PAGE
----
Best Water Filter of 2021
$31.97 at Amazon
$37.09 at Amazon
$175.00 at Amazon
$445.55 at Amazon
$199.95 at Amazon
|Pros||Fantastic at removing impurities, makes great tasting water, inexpensive||Great contaminant removal, fairly inexpensive||Great at removing both lead and chlorine, makes great tasting water||Great tasting water, excellent at removing lead and chlorine||Performed well in our lead removal, chlorine removal, and salt removal tests|
|Cons||Smaller capacity, takes some time to refill and refilter||Slow flow rate||Mediocre flow rate, pricey||Very pricey||Low flow rate, pricey|
|Bottom Line||Doing a fantastic job in most of our tests, this filter combines amazing performance with an even better price||This filter jug is for anyone who wants a bit more water on hand than the typical model and also impressed in our impurity removal metrics||The best filter for permanent installation that we have seen to date||The HydroPerfection is a fantastic product but is prohibitively expensive||This relatively expensive under the sink model was outperformed by products that cost much less|
|Rating Categories||ZeroWater 10-Cup...||ZeroWater 23-Cup Jug||iSpring RCC7||Home Master...||APEC Essence ROES-50|
|Lead Removal (25%)|
|Chlorine Removal (25%)|
|Salt Removal (25%)|
|Specs||ZeroWater 10-Cup...||ZeroWater 23-Cup Jug||iSpring RCC7||Home Master...||APEC Essence ROES-50|
|Model||10 Cup||Pitcher||RCC7||TMHP||Essence ROES-50|
|Replacement Schedule||18,000 mg of disolved solids; 1-40 gallons||18,000 mg of disolved solids; 1-40 gallons||Stage 1 - 3 every 6 months
RO every 2 - 3 years
Post carbon every 12 months
|Filter Set changed annually
RO changed every 3 - 5 years
|Stage 1, 2, 3 Pre-Filters Every 6 - 12 months
Stage 4 RO Membrane Every 2 - 4 Years
Stage 5 Carbon Post-Filter Every 2 - 4 Years
|Replacement Cost||2 for $30
4 for $40
8 for $90
12 for $115
16 for $150
|2 for $30
4 for $40
8 for $90
12 for $115
16 for $150
|2 year supply for $100||Filter Set for $130
RO for $100
|Stages 1-3 for $27
RO for $45
Carbon for $10
|Pure Water to Waste Water Ratio||N/A||N/A||~1:3||1:1||~ 1:5|
|Gallons Per Day (GPD)||N/A||N/A||75||75||50|
|NSF/ANSI certified for lead removal||Yes||Yes||Yes||N/A||No|
|NSF/ANSI certified for organic contaminants removal||No||No||Yes||N/A||No|
Best Filter Overall
ZeroWater 10-Cup Pitcher
The highest performer in our review is the ZeroWater 10-Cup. This model managed to outperform filters that cost ten times as much, removing impurities with ease in our testing. It performed especially well at salt removal. It also impressed in our taste test, enhancing the flavor of our contaminated water without imparting any bad taste.
We were disappointed with this pitcher's limited 10 cup capacity. Once the water is filtered, it pours quickly, but filtering itself is somewhat slow. Still, this is our favorite filter tested. It excels at its intended task, and the price is very agreeable, to boot.
Read Full Review: ZeroWater 10-Cup Pitcher
Best High-Capacity Option
ZeroWater 23-Cup Jug
If you need a larger volume of water but still want the same great performance that the ZeroWater 10-Cup delivers, the bigger capacity of the ZeroWater 23-Cup Jug might be right for you. This jug features the same filter utilized in the 10-Cup model, so you can be sure you'll get a matching execution of contaminant removals like salt, chlorine, or lead. Our panel all confirmed that the water from this filter has an excellent taste, and there is no negative taste imparted from the filter, either.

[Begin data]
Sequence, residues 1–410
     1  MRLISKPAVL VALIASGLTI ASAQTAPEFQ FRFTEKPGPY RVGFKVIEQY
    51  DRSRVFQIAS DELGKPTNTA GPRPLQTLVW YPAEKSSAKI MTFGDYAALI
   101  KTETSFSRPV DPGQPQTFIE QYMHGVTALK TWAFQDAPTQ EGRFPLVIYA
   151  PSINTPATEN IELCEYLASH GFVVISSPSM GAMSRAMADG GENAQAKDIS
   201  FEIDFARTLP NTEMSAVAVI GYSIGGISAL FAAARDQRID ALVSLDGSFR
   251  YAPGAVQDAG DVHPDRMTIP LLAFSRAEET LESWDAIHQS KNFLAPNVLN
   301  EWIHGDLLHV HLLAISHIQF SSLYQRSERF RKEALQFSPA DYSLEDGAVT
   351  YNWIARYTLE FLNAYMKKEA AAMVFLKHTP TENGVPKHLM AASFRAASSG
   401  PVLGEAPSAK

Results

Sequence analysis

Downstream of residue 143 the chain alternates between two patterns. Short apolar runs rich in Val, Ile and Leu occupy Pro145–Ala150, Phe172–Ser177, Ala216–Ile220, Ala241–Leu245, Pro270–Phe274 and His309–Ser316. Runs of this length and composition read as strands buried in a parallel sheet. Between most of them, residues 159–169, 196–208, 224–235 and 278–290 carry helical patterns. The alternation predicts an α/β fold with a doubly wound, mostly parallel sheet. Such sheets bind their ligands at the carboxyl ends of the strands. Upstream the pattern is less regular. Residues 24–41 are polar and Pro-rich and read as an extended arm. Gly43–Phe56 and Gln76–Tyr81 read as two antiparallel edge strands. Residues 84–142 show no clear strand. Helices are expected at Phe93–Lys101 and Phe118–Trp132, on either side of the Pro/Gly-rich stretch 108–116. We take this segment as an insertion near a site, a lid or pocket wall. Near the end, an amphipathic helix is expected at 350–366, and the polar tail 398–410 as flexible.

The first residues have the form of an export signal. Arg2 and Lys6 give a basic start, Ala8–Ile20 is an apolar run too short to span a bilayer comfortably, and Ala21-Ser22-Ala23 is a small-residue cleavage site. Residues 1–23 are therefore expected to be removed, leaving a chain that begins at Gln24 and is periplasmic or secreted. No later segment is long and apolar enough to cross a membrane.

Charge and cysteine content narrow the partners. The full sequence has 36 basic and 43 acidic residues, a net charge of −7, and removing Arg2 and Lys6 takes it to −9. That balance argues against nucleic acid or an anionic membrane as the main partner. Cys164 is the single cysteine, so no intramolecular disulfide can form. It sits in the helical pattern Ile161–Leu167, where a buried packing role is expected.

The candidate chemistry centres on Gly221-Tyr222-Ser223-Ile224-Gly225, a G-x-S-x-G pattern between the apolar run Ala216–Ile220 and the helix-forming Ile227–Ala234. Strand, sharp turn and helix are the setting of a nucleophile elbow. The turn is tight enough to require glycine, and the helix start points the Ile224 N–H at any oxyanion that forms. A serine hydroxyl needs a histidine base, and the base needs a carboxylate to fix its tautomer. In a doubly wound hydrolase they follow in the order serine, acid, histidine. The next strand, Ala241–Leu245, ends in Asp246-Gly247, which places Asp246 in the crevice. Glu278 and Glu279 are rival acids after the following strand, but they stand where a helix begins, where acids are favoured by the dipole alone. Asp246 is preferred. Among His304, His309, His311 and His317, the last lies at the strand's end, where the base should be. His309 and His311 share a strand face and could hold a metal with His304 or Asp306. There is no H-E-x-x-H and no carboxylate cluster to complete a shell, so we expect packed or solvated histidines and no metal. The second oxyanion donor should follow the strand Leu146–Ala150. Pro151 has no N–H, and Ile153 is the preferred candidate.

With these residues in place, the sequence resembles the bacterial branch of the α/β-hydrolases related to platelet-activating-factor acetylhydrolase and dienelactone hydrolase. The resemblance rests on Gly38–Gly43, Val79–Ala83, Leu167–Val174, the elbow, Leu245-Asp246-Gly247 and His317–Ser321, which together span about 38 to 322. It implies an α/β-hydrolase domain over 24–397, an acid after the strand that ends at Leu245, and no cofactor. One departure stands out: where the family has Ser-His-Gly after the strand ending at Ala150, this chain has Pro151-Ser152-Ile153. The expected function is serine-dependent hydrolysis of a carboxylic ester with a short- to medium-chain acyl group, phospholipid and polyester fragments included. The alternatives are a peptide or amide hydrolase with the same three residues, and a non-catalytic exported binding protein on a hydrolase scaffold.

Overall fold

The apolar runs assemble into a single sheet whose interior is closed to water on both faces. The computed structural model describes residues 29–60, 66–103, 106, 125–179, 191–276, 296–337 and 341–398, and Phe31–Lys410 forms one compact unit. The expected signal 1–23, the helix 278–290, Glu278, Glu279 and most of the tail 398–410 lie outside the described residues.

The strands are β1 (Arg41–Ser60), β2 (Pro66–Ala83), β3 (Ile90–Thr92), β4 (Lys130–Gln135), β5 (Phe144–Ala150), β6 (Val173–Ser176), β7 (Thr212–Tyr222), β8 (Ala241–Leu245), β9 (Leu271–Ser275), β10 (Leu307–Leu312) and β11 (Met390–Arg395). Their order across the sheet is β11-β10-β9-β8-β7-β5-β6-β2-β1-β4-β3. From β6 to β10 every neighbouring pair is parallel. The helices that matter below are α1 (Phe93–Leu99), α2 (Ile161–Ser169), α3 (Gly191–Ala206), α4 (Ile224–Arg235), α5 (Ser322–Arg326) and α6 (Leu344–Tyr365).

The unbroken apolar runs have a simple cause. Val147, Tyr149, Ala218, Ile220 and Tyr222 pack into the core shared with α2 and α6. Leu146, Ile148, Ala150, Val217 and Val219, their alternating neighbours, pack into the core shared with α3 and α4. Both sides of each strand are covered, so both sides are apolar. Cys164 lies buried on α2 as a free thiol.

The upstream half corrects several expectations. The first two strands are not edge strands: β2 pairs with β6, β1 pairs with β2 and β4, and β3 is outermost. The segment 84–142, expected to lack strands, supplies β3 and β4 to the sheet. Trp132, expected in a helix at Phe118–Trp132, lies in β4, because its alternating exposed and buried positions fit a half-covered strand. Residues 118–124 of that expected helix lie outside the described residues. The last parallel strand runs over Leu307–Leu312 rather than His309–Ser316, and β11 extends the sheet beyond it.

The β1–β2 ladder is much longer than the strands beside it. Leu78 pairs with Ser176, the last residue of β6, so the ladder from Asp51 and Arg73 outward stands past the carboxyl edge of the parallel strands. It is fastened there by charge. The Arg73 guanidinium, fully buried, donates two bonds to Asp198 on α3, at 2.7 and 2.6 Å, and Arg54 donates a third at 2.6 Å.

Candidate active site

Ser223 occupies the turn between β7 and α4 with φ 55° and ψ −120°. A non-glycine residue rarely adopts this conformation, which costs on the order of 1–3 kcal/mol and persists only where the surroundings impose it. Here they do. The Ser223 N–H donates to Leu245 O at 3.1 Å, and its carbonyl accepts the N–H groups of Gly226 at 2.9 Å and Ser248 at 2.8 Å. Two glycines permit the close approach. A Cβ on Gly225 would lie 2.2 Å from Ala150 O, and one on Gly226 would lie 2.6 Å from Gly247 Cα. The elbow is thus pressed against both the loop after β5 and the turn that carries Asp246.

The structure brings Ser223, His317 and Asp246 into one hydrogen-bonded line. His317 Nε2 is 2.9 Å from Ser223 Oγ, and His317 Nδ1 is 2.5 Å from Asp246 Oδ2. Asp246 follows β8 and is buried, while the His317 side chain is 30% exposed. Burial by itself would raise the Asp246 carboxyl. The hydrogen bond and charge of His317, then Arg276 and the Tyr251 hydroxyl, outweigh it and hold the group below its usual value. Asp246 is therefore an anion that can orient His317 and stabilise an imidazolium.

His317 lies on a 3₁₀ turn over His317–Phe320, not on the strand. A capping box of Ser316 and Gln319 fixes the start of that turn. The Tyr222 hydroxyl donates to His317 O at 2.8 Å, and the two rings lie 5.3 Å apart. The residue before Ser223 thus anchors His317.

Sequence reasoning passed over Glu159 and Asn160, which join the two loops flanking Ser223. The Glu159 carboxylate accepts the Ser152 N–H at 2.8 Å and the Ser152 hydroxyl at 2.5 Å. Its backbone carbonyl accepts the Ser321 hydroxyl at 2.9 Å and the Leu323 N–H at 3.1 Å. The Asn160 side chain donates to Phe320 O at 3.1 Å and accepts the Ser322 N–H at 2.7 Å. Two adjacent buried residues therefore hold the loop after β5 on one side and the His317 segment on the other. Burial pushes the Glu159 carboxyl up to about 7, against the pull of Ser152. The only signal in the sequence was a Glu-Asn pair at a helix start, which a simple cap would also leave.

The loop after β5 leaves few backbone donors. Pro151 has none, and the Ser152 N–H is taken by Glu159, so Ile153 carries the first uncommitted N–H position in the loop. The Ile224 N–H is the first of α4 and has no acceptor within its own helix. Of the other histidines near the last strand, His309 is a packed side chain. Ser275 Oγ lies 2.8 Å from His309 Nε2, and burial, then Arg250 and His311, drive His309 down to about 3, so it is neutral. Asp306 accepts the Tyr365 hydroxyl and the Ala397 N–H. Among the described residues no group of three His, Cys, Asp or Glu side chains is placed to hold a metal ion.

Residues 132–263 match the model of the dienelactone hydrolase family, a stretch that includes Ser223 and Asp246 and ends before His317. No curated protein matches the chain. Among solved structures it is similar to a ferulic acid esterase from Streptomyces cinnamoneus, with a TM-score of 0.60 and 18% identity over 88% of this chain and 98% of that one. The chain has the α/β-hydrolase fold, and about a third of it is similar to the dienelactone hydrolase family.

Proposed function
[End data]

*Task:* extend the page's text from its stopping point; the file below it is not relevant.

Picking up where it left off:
Due to the 23-Cup Jug's increased capacity, it's intended to be kept stationary in the fridge or on the countertop, rather than carting around like you would a pitcher. The filtration time is slow, and having to continuously hold the button to maintain water flow is somewhat annoying. Regardless, it's one of our top recommendations for anyone who needs more filtered water than a pitcher provides and isn't ready to leap to a large, expensive under-the-sink option or sacrifice performance with a filter mount.
Read Full Review: ZeroWater 23-Cup Jug
Best Under the Sink Filter
If you need a much larger capacity than a pitcher, consider the iSpring RCC7. This under-the-sink filter does an admirable job in our sodium removal assessments and delivers a fantastic performance in our lead and chlorine removal tests. This filter makes the water taste crisp and clean without imparting any negative flavors.
However, in terms of the initial outlay and the cost of replacement filters, this product is definitely on the pricier side. It's a much larger system that will eat up a non-trivial amount of space under your sink and has a much more involved installation process. It also has a relatively average flow rate. Despite all of this, it is still our first choice when it comes to under-the-sink water filters, making it an excellent option for someone who wants clean, great-tasting filtered water on tap at all times.
Read Full Review: iSpring RCC7
Great Value for Under the Sink Filters
If you're still set on an under-the-sink filter despite the initial sticker shock of the iSpring, then consider the APEC WFS-1000. The cost is quite a bit less and has only a slight drop in performance when compared to the iSpring, making it an excellent option if you are shopping on a budget. This model has an exceptionally high flow rate and does a great job of removing both lead and chlorine from the water.
Unfortunately, this model does a poor job of extracting sodium from the water, and the filtered water it produces didn't perform great in our taste test. Though it doesn't impart any bad flavors in pure water, we definitely could taste residual traces of salt and chlorine in our contaminated water test. This filter also takes time to install and will take up a decent amount of space under your sink. However, we still think the WFS-1000 is an excellent choice for those trying to save some cash on an under-the-sink filter, so long as you don't mind some salts in the water.
Read Full Review: APEC WFS-1000
Best Faucet Mount Filter
While the BRITA SAFF-100 didn't distinguish itself overall, it is our favorite option of the faucet mount variety. It did very well at removing chlorine and has a mediocre flow rate.
However, this filter is a disappointment when it comes to extracting lead or salts from the water. It also missed the mark in our contaminated water taste test. Regardless, if you aren't interested in a pitcher or permanent under-the-sink system, it's a great value pick and the best option we tested of its kind.
Read Full Review: BRITA SAFF-100
Why You Should Trust Us